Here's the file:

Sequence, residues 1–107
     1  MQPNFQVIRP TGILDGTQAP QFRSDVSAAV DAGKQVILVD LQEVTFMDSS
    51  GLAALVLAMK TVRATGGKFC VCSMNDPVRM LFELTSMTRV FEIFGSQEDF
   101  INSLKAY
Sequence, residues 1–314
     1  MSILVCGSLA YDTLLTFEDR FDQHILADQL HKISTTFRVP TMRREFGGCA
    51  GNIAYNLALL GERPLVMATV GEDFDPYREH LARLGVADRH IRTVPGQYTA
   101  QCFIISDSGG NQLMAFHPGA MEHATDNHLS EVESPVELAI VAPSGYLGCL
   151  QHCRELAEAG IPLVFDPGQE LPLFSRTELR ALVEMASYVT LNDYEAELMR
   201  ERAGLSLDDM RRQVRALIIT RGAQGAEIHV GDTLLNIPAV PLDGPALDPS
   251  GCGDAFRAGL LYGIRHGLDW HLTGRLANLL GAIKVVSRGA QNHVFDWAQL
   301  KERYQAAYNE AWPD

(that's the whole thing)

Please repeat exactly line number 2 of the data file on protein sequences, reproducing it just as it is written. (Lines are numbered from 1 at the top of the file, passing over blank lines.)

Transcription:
     1  MQPNFQVIRP TGILDGTQAP QFRSDVSAAV DAGKQVILVD LQEVTFMDSS